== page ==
Did we have it all and lose it?

mtbrown at geocities.com mtbrown at geocities.com
Sat Aug 29 12:02:11 EST 1998

In article <Pine.WNT.3.96.980824104809.-406915I-100000 at Guinevere.unm.edu>,
  Linnea Ista <lkista at unm.edu> wrote:

> We will continue to struggle with these questions as long as the notion
> prevails that the greatest tragedy that can happen to a woman is that she
> didn't have the opportunity to be a mother.

Unlike many of the posters in this thread, I didn't really feel this pressure
to have kids because I knew all along that that's what I wanted to do.
Instead, I felt the flip side of that pressure--that I was being a poor
scientist and a career failure because I chose to have a family. From many
who had "made it" in academia, I received both subtle and overt commentary on
my failure or couched in less negative terms, their "disappointment" in me.
The censure most frequently came either from older men who had wives that had
taken on the bulk of the responsibilities for raising their kids or from
career-only women who had chosen not to have families or even spouses for the
sakes of their "high- powered" science careers. The people who have been most
supportive or at least neutral about my choice to have kids despite the
promise of my Ph.D. are younger, have spouses who have careers, or are
outside of the research-focused component of the academic science world, e.g.
those in industry or at teaching- oriented undergraduate institutions. I
worked in the biotech industry before my current academic position, and it
was very common to have kids at that company, just no big deal. It wasn't
assumed that if you had a child, you would be less productive or less serious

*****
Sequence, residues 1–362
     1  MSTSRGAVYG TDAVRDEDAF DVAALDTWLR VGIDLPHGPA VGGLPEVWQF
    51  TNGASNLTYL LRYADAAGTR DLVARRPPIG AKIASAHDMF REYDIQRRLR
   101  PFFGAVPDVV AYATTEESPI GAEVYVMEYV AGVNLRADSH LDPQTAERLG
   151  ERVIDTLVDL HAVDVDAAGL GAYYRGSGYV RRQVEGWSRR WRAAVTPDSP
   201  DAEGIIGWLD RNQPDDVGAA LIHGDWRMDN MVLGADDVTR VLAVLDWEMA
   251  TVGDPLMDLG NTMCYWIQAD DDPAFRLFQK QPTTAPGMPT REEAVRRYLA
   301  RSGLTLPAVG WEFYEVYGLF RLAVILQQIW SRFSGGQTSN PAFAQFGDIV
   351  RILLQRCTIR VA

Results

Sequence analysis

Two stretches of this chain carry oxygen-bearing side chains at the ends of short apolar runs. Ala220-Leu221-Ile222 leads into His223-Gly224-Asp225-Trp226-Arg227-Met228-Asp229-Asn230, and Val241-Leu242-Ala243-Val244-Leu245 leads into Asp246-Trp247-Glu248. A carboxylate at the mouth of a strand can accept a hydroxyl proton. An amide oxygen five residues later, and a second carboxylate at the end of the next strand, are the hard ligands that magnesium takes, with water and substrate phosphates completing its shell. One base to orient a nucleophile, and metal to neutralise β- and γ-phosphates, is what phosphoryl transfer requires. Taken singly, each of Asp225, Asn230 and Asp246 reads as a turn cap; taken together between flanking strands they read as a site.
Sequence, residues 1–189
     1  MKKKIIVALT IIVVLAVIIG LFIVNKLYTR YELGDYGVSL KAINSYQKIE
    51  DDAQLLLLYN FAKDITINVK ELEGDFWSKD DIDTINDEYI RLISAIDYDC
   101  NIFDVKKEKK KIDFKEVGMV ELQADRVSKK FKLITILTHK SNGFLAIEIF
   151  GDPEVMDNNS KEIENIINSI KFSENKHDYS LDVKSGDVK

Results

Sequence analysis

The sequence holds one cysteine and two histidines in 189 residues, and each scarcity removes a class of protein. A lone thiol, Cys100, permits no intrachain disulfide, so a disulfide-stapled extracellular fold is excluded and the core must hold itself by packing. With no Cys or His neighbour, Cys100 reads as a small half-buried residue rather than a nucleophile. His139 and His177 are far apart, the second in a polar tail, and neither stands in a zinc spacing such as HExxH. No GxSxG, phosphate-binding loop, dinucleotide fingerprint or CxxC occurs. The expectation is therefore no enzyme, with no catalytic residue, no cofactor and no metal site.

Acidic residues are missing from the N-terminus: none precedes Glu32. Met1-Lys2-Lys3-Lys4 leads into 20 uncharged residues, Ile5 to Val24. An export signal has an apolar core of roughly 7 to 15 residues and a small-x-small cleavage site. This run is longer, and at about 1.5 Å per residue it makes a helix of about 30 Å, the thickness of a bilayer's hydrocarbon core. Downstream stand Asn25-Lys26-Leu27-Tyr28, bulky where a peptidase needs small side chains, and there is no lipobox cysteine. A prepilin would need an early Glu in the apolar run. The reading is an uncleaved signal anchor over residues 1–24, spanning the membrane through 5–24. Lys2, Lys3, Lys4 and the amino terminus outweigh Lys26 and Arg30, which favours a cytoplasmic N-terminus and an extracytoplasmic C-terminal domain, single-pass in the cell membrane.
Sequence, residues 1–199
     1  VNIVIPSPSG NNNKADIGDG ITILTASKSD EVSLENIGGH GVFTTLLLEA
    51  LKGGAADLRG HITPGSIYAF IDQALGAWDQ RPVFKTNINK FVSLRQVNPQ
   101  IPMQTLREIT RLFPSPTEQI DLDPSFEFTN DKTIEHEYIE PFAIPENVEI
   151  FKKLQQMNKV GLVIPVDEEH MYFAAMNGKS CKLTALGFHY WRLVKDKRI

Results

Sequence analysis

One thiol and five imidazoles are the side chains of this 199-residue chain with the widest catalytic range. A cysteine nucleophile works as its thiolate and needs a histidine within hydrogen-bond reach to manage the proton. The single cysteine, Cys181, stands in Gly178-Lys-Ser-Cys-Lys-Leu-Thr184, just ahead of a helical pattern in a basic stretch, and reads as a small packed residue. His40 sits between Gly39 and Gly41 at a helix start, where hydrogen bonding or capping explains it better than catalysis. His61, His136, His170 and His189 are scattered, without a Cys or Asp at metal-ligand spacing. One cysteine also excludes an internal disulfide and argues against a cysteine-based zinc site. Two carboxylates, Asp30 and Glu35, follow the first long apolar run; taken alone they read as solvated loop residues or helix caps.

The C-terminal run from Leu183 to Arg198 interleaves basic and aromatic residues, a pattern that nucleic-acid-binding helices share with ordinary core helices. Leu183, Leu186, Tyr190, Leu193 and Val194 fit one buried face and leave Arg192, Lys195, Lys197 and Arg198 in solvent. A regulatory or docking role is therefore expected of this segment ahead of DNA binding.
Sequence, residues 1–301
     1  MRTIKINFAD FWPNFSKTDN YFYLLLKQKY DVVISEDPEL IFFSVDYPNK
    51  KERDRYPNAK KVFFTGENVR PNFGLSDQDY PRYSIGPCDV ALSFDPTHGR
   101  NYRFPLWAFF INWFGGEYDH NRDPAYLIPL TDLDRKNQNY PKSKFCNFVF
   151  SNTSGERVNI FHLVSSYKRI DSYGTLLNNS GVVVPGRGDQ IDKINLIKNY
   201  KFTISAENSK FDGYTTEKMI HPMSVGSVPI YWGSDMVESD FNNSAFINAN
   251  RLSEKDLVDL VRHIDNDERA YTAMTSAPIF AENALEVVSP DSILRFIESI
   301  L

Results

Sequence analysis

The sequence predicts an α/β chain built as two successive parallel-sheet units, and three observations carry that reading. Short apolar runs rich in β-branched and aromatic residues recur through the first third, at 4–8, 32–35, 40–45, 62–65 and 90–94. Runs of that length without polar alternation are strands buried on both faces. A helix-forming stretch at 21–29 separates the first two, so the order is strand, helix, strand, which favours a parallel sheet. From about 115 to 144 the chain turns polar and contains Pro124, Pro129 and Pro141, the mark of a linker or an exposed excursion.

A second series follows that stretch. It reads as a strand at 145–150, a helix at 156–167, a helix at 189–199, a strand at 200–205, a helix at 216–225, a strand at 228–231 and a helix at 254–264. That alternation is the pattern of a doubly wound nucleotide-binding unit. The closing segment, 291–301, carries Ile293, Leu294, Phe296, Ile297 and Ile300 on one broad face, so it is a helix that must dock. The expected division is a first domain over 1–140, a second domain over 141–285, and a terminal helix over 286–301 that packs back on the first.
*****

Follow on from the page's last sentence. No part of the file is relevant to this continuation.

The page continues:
about your job or career. Similarly, I think the censurers don't get the fact
that if you have a professional spouse, there are two jobs in the marriage to
worry about. I think some of these "super- scientists" would have me jettison
my marriage for the sake of science. I would like to see broader support and
less censure for scientists who choose non- academic routes and
non-traditional careers. Right now I work part-time as a consultant in
addition to my fulltime research position, and may end up going with the
freelance work in a more serious way that would involve leaving research (it
sure pays a lot better). When I tell grad students and postdocs about my
consulting work, they are quite interested and I can see those wheels
spinning in their brains, "Hey, maybe I should leave the rat race and do
something like this." Those in the establishment react to my "other" career
as if I am quite odd, wasting my time on worthless pursuits, and an
inconsequential failure.

Like the situation with the super-moms clamoring that all women should be
like them and have kids and devote every minute to them, the
"super-scientists" need to be tuned out if one is to have any satisfaction
with one's chosen path. Who are those people to say what is best for me?

Megan Brown

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